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Answered By: Mindy Kent
Last Updated: Jun 15, 2016     Views: 431

If you are looking for information on legal careers, preparing for an interview or applying for judicial clerkships, there are a number of sources provided by the Harvard Law School that can help.

The Harvard Law School Office of Career Services has provided a number of resources that can help you with your job search.  They can also answer questions specific to the job search process.

The Harvard Law School Library also provides a number of guides and directories either online or in print that can help you gather background information on potential employers.

 

Mega Directory and Resource for all Law (firms, clerkships, other):

Harvard Law School:  Leadership Directory (HLS me access)

This is a highly valuable source for finding information on all sorts of potential employers. Search by organization type, such as Law & Lobbying Firms, Government (Federal, State or Local), Associations, Nonprofits, among others.

Create customized lists of law firms or individuals. For some ideas on how to find lawyers by region, law schools, and other criteria, check out: Job Searching on Leadership Directory

 

Lawyer and Law Firm Data:

Harvard Law OCS: Researching Employers

For data on law firms and law firm hiring, start with the NALP guide either online or in print (most recent edition at Reference KF190 .N327

Lexis and Westlaw are also rich sources for lawyer and law firm research. Directory information on law firms and individual attorneys can also be found in Martindale Hubbell (available via Lexis or on the web at martindale.com) or via the WestlawNext Profiler.  Search legal news and cases to identify recent transactions and representative clients.

For rankings and reviews of law firms, try law firm guides like the Vault Guides, ALM, American Lawyer. OCS has provided several on their Law Firm Rankings and Guides page, or you can search HOLLIS for the subject " Law offices -- United States -- Directories"

 

Judicial Clerkships:

Harvard Law OCS: Judicial Clerkships

The library also has a number of judicial directories in print and online:

The Judicial Yellow Book (online or in print at the Reference Desk)

The American Bench (in print at the Reference Desk). The American Bench includes representative publications and leading cases for each judge.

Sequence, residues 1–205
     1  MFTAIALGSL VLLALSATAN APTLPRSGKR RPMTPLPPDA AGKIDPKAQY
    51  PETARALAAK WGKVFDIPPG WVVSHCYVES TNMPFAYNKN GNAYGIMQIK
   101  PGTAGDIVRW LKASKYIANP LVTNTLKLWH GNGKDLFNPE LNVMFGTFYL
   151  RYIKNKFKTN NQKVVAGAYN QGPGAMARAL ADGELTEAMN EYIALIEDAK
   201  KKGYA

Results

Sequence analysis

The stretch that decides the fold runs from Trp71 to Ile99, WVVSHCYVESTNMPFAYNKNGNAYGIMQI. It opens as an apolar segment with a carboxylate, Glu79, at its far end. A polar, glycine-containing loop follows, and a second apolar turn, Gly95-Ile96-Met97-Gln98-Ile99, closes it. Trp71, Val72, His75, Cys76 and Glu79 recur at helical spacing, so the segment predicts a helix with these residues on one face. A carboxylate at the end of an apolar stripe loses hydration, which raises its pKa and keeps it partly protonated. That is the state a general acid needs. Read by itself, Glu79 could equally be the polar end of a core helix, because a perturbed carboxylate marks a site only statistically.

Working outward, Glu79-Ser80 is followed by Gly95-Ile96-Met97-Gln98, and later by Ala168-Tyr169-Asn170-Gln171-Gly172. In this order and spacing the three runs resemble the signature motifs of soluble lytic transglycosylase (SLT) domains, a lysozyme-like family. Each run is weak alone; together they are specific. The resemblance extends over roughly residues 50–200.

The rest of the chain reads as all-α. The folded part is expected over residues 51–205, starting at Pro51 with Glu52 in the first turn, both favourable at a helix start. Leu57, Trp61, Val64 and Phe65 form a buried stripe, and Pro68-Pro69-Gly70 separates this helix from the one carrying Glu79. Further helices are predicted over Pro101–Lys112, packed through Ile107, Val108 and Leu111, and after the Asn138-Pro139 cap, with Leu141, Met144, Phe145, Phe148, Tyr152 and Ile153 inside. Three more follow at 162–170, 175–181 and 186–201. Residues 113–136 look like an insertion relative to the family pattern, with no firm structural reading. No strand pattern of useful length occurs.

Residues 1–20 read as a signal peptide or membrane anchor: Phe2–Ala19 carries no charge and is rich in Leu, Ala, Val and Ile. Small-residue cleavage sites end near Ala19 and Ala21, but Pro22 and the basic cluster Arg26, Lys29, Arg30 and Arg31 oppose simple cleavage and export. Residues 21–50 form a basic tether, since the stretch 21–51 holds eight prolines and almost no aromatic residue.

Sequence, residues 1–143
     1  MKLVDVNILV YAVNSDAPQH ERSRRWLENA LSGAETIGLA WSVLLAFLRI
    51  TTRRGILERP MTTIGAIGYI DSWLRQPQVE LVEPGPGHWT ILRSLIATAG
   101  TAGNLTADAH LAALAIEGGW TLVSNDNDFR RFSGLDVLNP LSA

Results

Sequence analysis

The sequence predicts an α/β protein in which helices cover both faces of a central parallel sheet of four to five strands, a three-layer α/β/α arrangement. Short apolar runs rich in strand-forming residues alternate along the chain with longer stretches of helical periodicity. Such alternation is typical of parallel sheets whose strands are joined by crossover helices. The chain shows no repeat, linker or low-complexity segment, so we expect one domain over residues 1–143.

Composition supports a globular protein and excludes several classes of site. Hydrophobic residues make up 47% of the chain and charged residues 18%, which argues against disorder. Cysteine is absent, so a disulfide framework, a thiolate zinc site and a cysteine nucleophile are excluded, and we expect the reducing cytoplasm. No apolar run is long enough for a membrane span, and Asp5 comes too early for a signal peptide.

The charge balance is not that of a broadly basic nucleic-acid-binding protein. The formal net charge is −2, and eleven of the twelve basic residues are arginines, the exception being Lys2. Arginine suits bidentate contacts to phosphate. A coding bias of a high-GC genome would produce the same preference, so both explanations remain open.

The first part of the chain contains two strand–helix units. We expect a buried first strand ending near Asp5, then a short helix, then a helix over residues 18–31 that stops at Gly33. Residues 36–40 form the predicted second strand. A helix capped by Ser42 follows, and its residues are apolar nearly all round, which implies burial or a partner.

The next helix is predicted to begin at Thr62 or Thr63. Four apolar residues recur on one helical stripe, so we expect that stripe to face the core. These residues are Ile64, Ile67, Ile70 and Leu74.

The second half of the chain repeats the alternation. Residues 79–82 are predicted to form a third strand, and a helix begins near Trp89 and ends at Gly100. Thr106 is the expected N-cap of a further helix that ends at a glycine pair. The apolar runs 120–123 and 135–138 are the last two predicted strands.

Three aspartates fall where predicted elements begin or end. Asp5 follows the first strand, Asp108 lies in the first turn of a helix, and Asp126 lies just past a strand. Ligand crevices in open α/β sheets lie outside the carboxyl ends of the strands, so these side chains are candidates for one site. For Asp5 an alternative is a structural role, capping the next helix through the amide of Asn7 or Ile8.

Almanac of the Federal Judiciary (online via CCH, online via Westlaw or in print on Reserve at the Circulation Desk). The Almanac of the Federal Judiciary includes publications, blurbs about leading cases and lawyers' comments.

You can also try searching HOLLIS for "Judges--United States--Directories"

Find representative opinions by using the advanced field search functions in Westlaw or Lexis. Try these sample searches:

Westlaw (search in the appropriate case database):   JU(lastname) or JU(firstname /3 lastname)

WestlawNext: advanced:JU(lastname) or advanced:JU(firstname/3 lastname)

Lexis (search in the appropriate case database): JUDGES(lastname) or JUDGES(firstname w/3 lastname)

Additional resources for researching judges have been compiled in this helpful guide from the University of Cincinnati Law School: http://www.law.uc.edu/sites/default/files/Researching%20Judges.pdf   

Finally, make sure to check the court's web page for additional information such as the court structure, contact information and recent cases.

 

Firms Advising on SEC Transactions, includes:  M&A, Debt & Equity Issuances & Governance Issues

Harvard Law School:  Bloomberg Law Dealmaker (Bloomberg Law Account)

Bloomberg Law Dealmaker is a well curated list of SEC filings (EDGAR).  These filings, often contracts, provide precedential language for deals and other transactions, including for M&A, equity issuances, and governance issues (e.g., corporate proxies).

Search the Dealmaker template by law firm advisor.  From near the bottom of the template, select Search by Law Firm, Party, Industry, and More.  Searching by firm will allow you to see recent deals and types of documents created for transactional practice areas.

Firms Advising in Private Equity and Venture Capital:

Harvard Business School: Zephyr (HUID & PIN)

Once in, select the middle bubble for Advanced Queries.  

Zephyr allows you to create lists of firms who advise start-up.  Learn which firms advise on funding to angel investors, private equity firms and venture capital firms.. 

Search, for example, for Deal types & methods of payment; this includes Financing stage.  And then under Deal advisors, add limiters on Role (law firm) and Region (global and domestic).

Harvard Business School: Preqin (HUID & PIN)

Get to the Advanced Search (from the left navigation), and then use the template to set up customized searches.

Preqin allows you to set up searches on financing (stage, region, etc.), but not specifically by role (such as by law firm advisors). However, once you narrow the deals by stage and region, the specific deals give information on the firms and lawyers.

 

Creating Customized Firm List for any Industry:

Harvard University:  LexisNexis Academic (HUID & PIN)

Once in LexisNexis Academic, from the left navigation, select Companies.  Then, select Dossier™ Create a Company List

From this template, create customized Excel spreadsheets of employers based on a wide variety of criteria, including:

  • Type (private, public, subsidiary, etc.)
  • Size (based on revenue or sales)
  • Number of Employees
  • Industry (description or SIC & NAIC)
  • Geographic scope (country, state, city, zip code, etc.)

 

 

Answered by Mindy Kent
Last Updated: Jun 15, 2016     Views: 431